One of the best things about the Folksy Summer School that I went to last weekend was the way it combined a full programme of inspiring and helpful talks with some hands-on crafting. It's good to vary the pace when you're trying to take in lots of information and this was a lovely way to achieve it. This mini workshop (above) was one of Gemma Nemer's: she was teaching how to make tiny fabric flowers. But there was also the chance to try lino cut printing, to watch screen printing, book binding and, on Sunday, making a vintage-style soft toy with the super-talented Sarah Pinney of www.northfieldprimitives.folksy.com.
Screenprinting with Sue Westergaard.
Sarah from Northfield Primitives and her suitcase of wonders
I was partly at the weekend to hear people's stories, so that I can write about some of them. Sitting and crafting together was a great way to find out about some of those individual tales. I met so many different sorts of makers: cat collar makers, hat makers, clothes customisers, potters, crochet sculptors, a woman who dyes wool, fine artists and jewellery makers. Even on the bus back to the station after the weekend was over, we were still chatting and swapping cards and tales.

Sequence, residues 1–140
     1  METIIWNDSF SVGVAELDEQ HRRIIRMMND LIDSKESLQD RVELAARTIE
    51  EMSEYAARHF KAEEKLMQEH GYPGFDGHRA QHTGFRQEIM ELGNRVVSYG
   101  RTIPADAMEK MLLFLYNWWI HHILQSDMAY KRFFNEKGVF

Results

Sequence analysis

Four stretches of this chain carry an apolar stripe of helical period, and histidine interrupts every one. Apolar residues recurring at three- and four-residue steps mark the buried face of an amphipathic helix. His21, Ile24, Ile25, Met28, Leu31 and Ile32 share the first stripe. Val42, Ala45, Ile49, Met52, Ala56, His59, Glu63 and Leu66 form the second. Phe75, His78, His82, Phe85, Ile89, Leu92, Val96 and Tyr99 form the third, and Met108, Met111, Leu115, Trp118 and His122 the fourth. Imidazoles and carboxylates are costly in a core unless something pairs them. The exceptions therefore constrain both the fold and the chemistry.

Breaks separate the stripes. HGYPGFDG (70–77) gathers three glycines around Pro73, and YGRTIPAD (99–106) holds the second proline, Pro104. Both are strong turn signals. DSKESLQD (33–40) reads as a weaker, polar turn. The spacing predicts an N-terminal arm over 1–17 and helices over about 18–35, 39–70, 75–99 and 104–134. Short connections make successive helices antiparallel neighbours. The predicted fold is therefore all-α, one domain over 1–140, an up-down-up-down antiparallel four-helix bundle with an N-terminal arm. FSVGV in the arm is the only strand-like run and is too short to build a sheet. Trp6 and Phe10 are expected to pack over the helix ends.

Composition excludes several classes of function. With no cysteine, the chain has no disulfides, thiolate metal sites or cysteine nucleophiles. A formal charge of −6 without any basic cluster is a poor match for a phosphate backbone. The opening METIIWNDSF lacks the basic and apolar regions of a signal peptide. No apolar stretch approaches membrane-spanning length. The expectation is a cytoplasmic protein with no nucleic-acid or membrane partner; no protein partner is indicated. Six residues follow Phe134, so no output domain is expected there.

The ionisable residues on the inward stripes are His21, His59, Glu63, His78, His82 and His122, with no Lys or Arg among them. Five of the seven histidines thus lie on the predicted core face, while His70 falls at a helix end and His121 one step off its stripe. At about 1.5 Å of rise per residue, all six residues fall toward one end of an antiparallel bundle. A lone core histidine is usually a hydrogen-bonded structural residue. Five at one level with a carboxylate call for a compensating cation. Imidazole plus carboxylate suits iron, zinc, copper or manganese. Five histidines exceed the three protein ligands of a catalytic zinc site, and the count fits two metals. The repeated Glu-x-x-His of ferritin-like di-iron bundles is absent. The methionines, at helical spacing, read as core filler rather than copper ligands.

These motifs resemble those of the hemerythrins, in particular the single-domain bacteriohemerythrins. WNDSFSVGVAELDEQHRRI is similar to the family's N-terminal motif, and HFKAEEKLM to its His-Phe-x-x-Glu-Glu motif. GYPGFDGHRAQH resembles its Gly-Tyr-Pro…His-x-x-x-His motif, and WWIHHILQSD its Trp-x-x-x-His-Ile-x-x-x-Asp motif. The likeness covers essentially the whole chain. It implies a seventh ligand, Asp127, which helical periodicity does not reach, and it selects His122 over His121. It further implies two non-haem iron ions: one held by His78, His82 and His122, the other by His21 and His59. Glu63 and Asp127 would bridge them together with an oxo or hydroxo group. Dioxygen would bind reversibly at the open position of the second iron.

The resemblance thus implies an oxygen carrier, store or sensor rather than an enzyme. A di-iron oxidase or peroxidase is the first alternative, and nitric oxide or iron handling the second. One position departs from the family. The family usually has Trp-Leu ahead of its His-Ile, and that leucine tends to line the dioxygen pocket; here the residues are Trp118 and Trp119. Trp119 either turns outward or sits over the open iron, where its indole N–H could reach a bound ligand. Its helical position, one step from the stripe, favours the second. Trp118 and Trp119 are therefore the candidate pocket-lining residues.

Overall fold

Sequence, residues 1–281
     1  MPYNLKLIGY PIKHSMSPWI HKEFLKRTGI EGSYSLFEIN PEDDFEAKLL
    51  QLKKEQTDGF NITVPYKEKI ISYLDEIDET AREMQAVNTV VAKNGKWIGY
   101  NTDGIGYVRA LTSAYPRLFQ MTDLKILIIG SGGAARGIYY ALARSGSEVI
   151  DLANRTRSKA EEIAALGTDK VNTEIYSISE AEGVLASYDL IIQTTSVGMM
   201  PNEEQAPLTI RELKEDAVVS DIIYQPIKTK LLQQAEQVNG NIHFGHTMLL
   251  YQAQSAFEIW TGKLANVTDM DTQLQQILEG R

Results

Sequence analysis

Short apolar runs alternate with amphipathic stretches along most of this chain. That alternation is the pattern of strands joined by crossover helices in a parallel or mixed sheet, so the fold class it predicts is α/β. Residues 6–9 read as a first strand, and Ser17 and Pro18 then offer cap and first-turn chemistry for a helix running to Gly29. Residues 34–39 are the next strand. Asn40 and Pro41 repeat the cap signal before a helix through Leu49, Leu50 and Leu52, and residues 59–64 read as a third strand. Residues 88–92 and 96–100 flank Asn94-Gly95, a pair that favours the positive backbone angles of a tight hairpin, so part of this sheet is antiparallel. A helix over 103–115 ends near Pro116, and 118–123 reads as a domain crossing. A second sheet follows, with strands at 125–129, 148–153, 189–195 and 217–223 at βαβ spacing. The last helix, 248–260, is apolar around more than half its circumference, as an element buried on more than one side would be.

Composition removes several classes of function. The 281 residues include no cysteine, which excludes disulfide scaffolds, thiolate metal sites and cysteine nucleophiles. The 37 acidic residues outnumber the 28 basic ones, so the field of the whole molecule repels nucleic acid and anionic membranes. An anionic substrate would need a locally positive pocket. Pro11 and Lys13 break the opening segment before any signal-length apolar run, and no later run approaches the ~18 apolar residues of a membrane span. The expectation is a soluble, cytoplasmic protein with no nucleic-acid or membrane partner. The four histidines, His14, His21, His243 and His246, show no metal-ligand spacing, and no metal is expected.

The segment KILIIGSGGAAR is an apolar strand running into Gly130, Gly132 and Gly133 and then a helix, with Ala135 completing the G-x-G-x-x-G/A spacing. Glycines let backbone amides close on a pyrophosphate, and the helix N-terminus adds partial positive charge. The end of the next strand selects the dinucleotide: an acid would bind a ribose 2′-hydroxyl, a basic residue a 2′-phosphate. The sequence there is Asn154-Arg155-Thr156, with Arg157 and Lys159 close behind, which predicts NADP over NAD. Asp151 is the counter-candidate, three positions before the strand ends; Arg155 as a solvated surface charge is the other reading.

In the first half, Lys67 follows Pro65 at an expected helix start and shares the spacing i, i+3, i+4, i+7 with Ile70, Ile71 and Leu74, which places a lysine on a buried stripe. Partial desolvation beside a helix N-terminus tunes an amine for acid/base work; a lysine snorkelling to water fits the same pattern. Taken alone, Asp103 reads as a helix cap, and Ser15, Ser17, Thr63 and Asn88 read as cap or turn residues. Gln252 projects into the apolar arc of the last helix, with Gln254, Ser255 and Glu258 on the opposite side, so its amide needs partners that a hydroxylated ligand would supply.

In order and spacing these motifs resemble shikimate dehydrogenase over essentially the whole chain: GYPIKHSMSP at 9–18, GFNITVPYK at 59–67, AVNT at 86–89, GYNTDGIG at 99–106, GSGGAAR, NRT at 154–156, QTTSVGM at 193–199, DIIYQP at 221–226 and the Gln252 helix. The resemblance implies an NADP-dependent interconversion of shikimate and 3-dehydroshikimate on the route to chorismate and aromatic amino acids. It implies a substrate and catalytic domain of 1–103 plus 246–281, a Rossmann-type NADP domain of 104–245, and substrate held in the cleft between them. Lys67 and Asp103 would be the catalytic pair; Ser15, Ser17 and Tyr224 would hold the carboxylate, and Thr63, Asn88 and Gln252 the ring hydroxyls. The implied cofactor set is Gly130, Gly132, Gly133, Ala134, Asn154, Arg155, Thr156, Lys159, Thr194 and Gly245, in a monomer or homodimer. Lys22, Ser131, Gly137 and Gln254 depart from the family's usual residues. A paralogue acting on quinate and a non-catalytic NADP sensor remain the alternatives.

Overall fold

Creativity was all around, including a spot of yarn bombing....
I do love this tassel bunting.
Creative ways to spread the word about a business....
So there were many highlights of the weekend. A brilliant photography workshop by Lyndsey James www.lindsey-james.co.uk who managed to shoehorn hundreds of simple tips about taking a great product shot into a seamless half hour demo. James Green's linocut workshop, John V Willshire for making me think, Andy Poplar of Vinegar and Brown Paper for a down to earth story of dropping out of the corporate world and setting up on his own, and Keith Stephenson and Mark Hampshire of Mini Moderns on running an established design company. I also enjoyed hearing Chloe Haywood of Hatastic talk about her journey from hobby to hat empire.
So that was a lovely weekend, and I came home with some souvenirs, too.
My Folksy bag:
A vintage dog (and yes, I was the only one who sewed the ears on back to front)
And a caravan lino cut